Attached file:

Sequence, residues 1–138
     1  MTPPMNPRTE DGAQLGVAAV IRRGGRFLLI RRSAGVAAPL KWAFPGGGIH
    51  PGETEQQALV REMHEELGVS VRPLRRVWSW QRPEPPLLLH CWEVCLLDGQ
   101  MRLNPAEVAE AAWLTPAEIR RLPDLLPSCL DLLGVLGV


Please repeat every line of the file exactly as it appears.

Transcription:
Sequence, residues 1–138
     1  MTPPMNPRTE DGAQLGVAAV IRRGGRFLLI RRSAGVAAPL KWAFPGGGIH
    51  PGETEQQALV REMHEELGVS VRPLRRVWSW QRPEPPLLLH CWEVCLLDGQ
   101  MRLNPAEVAE AAWLTPAEIR RLPDLLPSCL DLLGVLGV